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A Way of Life: Who Digs?

From seashore to mountain wherever I roam,
Nothing pleases my taste,
like the Clams of my home;
Dug fresh from our sands
by a strong manly arm,
And by fair women chowdered
at Candlewood Farm.

-Excerpt from "The Succulent Clam," by A.Z., 1882

In the twentieth century and the decades preceding it, New England vacationers dug clams recreationally, as a family activity that was fun for children. On the commercial scale, however, the work of digging clams has largely belonged to men. During the summer months, some women dug while their husbands farmed or fished. Traditionally, women’s work was to develop masterful, clam-inspired recipes, such as the chowder mentioned in this poem. Historically, both women and men have done the work of shucking clams. Today in coastal Massachusetts, women from immigrant communities perform much of this labor for the commercial market.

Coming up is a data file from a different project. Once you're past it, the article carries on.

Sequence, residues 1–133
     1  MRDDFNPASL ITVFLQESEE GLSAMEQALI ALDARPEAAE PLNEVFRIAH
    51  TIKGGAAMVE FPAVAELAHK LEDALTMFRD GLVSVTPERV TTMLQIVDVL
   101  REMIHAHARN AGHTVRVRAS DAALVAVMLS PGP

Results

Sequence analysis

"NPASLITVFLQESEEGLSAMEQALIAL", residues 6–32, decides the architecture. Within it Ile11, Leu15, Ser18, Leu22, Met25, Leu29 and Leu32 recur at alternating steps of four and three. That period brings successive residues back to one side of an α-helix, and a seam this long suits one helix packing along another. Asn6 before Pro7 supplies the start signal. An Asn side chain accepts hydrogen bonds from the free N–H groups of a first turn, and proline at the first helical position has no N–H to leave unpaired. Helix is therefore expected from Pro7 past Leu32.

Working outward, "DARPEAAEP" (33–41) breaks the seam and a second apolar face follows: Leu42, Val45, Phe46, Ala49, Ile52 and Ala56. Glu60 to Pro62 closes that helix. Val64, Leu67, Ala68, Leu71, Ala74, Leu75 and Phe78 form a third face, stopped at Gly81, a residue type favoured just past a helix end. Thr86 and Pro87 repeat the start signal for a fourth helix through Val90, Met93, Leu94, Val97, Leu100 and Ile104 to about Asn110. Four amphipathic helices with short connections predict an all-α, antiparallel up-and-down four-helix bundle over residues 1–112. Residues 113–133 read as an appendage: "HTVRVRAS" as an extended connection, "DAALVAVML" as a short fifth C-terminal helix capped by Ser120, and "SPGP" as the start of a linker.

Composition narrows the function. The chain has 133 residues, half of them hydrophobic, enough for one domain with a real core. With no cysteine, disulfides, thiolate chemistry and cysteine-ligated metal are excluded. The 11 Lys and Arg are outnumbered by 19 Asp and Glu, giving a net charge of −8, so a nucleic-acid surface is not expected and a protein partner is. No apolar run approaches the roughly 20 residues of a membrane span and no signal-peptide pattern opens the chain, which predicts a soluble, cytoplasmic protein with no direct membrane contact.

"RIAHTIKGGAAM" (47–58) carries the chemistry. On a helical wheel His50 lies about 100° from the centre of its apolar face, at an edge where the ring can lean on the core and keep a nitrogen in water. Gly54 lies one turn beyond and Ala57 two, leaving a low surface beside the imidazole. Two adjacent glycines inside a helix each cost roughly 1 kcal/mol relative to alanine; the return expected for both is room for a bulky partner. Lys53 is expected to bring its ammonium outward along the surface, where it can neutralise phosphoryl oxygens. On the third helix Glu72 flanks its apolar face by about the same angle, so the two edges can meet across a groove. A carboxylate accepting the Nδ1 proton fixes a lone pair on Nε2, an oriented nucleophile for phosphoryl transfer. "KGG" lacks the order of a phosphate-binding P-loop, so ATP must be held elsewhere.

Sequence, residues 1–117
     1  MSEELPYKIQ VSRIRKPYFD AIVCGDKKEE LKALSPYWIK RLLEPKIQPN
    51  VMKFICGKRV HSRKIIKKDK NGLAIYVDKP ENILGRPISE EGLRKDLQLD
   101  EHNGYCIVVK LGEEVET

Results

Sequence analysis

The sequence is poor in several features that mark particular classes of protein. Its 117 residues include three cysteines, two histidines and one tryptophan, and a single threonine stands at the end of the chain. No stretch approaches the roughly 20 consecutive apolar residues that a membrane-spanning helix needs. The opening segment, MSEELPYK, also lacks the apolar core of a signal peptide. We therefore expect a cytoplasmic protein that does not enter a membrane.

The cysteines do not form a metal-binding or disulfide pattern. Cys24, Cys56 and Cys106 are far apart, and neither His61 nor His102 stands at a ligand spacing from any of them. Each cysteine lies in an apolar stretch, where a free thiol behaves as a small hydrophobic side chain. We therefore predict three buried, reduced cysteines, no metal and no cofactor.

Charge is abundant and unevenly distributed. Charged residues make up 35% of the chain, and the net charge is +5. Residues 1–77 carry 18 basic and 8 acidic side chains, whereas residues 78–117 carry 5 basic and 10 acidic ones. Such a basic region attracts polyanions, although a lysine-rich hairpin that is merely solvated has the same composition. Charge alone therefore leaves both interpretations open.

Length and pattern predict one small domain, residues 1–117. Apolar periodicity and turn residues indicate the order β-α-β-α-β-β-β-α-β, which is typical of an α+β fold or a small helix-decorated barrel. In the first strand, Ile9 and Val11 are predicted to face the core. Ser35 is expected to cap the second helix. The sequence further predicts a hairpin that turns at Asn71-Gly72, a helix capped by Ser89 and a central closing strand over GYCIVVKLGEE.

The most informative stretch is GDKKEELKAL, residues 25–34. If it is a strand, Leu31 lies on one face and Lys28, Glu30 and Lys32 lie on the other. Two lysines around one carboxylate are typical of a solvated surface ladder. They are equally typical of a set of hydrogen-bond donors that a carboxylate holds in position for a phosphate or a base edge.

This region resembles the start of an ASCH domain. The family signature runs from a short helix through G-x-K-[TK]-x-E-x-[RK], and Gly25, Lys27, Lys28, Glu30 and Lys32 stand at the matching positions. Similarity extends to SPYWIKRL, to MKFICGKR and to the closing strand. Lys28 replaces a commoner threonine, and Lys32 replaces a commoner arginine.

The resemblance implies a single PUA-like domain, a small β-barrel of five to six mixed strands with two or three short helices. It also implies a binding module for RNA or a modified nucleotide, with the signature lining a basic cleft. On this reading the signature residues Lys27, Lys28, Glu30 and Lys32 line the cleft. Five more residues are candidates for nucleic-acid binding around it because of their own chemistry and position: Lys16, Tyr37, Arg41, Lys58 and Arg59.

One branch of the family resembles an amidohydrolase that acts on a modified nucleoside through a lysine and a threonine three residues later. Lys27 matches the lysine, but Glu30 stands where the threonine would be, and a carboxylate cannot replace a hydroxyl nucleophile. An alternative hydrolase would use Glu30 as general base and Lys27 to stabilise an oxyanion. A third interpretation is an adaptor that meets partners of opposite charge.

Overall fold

Select the images below to learn more.

1882 Women Clamming
Burnham Family Shucking

Proceed to A Way of Life: The Future of Clamming.

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A Way of Life: Who Digs?